How to train a lazy dog
Lazy dogs are hard work. You have your awesome training plan in your head, your treats in your bag and your clicker in your hand and you are ready to go, so you get in that garden and you say dog, let’s train. And they look up at your from their hound sleeper as if to say ‘you do it.’ It can be disheartening, and your dream of going on the X-factor with your amazing (lazy) dog is shattered right there. ….Not that I’ve ever dreamt of going onto X-factor, anyway, here are some tips on how to work with your lazy dog.
Motivation: That is the first thing you need to look at. What really motivates your dog? A specific treat, toy, attention, a game. And, how motivated are you? You need to be moving around, encouraging your dog, be ready to praise him or prompt him. We call this your jolly routine.
Duration: How long can you work with your dog until you see that vacant stare? Time it and write it down. With lazy dogs, it’s often much better to do very short training sessions, and stop the session while they are still having fun. So if your dog can focus nicely for two minutes, you are going to stop your session after one and a half minute.
Build it up: Once you know how long your dog is able to stay focused in a training session or an activity, you can build the duration up in small increments. So let’s say your dog was able to focus and interact for two solid minutes (but remember you stopped before your dog got bored), then your next criterion would be to train for two minutes and 5 seconds, then 10 seconds, etc.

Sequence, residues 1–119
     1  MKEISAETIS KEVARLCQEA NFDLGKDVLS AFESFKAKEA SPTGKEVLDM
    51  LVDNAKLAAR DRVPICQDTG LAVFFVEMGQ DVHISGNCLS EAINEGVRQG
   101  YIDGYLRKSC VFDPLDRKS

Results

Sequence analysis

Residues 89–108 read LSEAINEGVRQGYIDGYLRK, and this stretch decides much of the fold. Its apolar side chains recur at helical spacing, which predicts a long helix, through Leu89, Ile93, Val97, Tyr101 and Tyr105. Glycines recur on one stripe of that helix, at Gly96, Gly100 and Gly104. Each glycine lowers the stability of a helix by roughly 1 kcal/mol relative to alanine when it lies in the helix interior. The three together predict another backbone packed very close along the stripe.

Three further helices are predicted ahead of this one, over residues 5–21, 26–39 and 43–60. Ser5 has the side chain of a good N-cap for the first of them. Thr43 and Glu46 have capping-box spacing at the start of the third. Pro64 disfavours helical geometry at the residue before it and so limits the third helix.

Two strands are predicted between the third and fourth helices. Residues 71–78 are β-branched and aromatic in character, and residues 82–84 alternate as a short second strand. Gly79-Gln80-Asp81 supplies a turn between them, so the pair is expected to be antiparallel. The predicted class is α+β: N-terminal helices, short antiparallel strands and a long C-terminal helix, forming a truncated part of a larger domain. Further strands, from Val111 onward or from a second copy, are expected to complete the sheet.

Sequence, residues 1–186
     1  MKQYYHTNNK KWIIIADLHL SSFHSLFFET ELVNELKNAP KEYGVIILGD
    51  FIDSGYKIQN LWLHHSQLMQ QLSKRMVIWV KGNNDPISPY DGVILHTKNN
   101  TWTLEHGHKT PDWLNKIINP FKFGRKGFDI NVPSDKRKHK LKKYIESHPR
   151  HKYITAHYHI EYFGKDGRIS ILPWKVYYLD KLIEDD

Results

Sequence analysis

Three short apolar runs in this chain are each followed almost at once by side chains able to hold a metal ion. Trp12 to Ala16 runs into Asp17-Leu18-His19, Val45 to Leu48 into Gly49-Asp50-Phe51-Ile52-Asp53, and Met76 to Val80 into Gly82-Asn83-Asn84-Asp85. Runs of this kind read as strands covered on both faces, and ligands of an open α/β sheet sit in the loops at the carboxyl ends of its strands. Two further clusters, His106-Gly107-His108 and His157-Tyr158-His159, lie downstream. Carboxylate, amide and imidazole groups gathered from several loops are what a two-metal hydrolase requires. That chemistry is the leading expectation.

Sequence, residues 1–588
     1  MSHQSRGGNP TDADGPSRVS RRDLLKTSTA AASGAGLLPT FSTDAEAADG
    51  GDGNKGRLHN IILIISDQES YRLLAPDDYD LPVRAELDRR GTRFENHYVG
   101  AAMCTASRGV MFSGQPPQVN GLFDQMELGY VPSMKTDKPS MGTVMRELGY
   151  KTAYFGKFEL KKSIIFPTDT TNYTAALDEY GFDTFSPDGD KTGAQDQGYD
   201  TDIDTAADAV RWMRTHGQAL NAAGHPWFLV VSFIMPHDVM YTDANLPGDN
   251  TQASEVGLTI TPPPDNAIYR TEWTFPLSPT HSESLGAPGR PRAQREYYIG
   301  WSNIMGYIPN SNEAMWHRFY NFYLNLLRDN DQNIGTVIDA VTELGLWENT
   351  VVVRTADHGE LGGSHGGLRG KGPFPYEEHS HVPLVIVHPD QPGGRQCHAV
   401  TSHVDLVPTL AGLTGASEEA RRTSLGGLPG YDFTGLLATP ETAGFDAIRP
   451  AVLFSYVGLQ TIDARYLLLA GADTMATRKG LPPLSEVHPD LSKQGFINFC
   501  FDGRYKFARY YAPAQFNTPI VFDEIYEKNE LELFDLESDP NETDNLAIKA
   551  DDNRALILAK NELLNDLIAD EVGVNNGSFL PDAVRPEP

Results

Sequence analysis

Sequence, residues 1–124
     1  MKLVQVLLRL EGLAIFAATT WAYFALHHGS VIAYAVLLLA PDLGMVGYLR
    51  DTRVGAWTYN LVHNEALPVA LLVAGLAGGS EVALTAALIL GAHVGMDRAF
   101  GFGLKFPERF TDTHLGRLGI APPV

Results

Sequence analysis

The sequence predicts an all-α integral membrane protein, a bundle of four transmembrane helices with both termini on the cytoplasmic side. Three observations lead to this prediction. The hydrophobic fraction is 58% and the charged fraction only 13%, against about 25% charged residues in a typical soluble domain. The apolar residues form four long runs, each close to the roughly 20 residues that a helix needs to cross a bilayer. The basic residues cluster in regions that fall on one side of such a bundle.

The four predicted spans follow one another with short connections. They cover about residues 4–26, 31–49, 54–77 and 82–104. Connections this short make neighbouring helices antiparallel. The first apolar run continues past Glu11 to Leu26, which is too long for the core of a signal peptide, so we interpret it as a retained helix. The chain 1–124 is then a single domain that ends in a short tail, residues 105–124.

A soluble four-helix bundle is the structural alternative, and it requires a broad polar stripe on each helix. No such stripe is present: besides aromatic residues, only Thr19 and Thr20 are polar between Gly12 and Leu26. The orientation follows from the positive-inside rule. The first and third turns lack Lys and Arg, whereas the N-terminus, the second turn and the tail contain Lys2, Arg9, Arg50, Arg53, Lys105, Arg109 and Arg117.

Jammin’: Set up some things for your dog to interact with. Have your clicker ready (or a verbal yes), and start rewarding you dog for ANYTHING he does. Move around, loosen up and make sure your tone of voice does the same. You can click foot movements, eye movements, head movements, sniffing stuff, etc. Really anything the dog does. Playing this game with them every now and then will motivate your dog to offer more and more behaviours, your dog will also become very responsive to the clicker or your verbal yes. The best of all, your dog’s focus will be on why he earned a treat and how can he earn one again, instead of oooh…. tree mail.
To take this game even further, you will notice that something clicks for your dog and he will offer a specific behaviour more often than the others. You can use this opportunity to reinforce that behaviour even more and then eventually even put a cue to it. We have managed to come up with all sorts of weird and wonderful ‘party tricks’ the dogs can perform, by just playing this type of game.
General issues when training with a ‘lazy dog’
They just sit down or lie down and stare at you. So keep them moving, instead of feeding them the treat, toss it to the side so that they have to go get the treat and come back to repeat the behavioral in order to earn another treat (or whichever reward you are using).
They walk away when they are done. Keep them on a leash so that they can not walk away from the session. If they get to walk away from their session, they will just do it again and again. However, if your dog is walking away from the activity, you need to ask yourself what you can do to make it worth his while to rather spend that time with you.
Remember that less is more. The shorter your training sessions are, the easier the dog can process what he has learned and the information he receives seem to be a lot less confusing.
By Tersha, Trainer